Bishops of Aberdeen
Hector Boece (c-1465-1536) is well known for his Scotorum historiae a prima gentis origine, which Worth collected in a 1574 Parisian edition, but this work, his Vitae Episcoporum Murthlacen[sis], & Aberdonen[sis] (Paris, 1522), has not received the same attention. Published by Jodocus Badius Ascensius, whose press is displayed on the titlepage, the book reflects not only Boece’s Aberdonian heritage but also comments on his sojourn in Paris while a student at the Collège de Montaigu. There he had met some of the leading scholars of his day, including Erasmus, and remained to study theology until William Elphinstone, then Bishop of Aberdeen, called him back to Scotland to teach at the newly founded King’s College.
The impact of Elphinstone, both on Boece’ life and on the intellectual history of Aberdeen, is clearly seen in Boece’s text, where Elphinstone’s achievements as bishop loom large. Starting with Beoán (fl. 1012×24), the first bishop of Mortlach, Boece provides the reader with a brief biography of each of the bishops of Mortlach and its successor diocese Aberdeen, down to Bishop Gavin Dunbar (1454×6-1532), to whom the book is dedicated. It is clear, though, that the real focus of the work is William Elphinstone (1431-1514) and his new University of Aberdeen. Boece, given his role as Principal of King’s College, was in a position to offer readers vital information about both.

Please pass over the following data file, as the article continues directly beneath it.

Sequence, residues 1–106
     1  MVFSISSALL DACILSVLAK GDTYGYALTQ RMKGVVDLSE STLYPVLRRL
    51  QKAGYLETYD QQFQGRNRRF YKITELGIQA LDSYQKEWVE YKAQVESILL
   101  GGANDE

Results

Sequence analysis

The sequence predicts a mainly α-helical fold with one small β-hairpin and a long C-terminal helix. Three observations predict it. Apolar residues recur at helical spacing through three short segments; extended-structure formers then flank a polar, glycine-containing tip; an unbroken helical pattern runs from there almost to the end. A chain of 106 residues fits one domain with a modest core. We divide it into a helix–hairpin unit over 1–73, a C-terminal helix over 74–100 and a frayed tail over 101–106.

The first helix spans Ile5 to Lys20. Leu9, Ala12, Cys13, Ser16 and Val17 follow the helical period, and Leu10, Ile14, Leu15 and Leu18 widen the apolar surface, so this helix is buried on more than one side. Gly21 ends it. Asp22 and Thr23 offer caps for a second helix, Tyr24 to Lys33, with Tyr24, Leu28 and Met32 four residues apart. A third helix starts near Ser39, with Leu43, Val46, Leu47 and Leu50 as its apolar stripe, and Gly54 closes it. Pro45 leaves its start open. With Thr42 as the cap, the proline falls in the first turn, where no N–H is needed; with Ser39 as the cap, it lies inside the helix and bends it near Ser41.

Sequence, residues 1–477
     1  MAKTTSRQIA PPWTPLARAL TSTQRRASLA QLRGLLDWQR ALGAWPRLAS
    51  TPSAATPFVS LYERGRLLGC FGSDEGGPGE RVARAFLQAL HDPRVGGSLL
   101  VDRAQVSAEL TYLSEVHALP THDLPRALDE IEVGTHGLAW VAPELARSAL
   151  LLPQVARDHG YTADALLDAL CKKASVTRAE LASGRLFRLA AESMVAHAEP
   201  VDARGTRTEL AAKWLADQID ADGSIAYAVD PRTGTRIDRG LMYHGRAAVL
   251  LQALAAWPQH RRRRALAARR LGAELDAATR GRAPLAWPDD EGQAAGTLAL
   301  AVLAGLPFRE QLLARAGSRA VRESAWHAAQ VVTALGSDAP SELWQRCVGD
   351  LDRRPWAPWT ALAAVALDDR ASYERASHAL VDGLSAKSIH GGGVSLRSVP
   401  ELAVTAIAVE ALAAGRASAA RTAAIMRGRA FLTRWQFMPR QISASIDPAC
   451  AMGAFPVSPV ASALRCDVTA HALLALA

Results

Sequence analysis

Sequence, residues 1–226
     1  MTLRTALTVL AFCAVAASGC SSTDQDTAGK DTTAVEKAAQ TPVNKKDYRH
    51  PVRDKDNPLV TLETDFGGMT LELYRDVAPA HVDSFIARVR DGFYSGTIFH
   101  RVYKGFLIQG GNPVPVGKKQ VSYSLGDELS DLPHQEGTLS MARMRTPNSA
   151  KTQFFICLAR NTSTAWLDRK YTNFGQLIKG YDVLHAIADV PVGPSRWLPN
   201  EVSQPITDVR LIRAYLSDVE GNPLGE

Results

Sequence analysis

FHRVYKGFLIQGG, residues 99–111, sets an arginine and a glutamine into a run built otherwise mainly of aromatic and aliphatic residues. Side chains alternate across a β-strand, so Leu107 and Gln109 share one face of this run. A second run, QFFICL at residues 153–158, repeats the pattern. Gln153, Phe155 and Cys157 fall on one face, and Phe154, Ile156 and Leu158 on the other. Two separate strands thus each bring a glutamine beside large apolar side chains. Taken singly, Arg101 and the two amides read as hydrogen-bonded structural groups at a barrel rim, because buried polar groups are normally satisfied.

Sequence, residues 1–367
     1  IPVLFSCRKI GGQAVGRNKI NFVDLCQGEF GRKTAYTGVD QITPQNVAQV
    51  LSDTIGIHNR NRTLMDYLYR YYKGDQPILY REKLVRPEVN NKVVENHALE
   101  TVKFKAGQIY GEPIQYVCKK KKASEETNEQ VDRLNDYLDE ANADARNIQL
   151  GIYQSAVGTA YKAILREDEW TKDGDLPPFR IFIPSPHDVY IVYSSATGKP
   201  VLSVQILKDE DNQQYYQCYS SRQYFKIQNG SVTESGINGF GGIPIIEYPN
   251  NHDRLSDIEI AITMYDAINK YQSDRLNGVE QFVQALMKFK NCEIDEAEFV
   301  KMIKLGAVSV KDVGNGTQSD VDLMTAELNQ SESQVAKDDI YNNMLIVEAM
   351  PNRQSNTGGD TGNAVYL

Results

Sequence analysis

Elphinstone’s choice of Boece as the first principal of the University of Aberdeen was indicative of his plans for his new institution, which he wanted to be based on the Parisian humanist model. He himself had been initially educated at the University of Glasgow, where he was graduated as a MA in 1462. By 1465 he was studying canon law at the University of Paris and he spent the next five years there, an experience which clearly had a major impact on him. By 1470 he was studying civil law at the University of Orléans before returning to Glasgow in 1471. Appointed Bishop of Aberdeen in 1483 he initiated a reform programme, in which the University of Aberdeen, founded in 1495, would play an important role by providing educated clerics who would further the reform of both church and state. Elphinstone’s decision to appoint Hector Boece was his attempt to inculcate the norms of the Parisian humanist model in this new Scottish university. That Boece was already thoroughly immersed in humanist historiography is readily apparent from his Vitae Episcoporum Murthlacen[sis], & Aberdonen[sis]. As Royan (2004) points out, Boece’s debt to Bartolomeo Platina’s Lives of the Popes, is clear and we know that Boece owned a copy of Platina’s work. Royan reminds us that, though by no means as well known as his Scotorum historiae a prima gentis origine, which was first published by Ascensius in 1527 at Paris, Boece’s history of the lives of the bishops of Aberdeen prefigured many of the themes of his more famous work: in particular the relationship of church and state.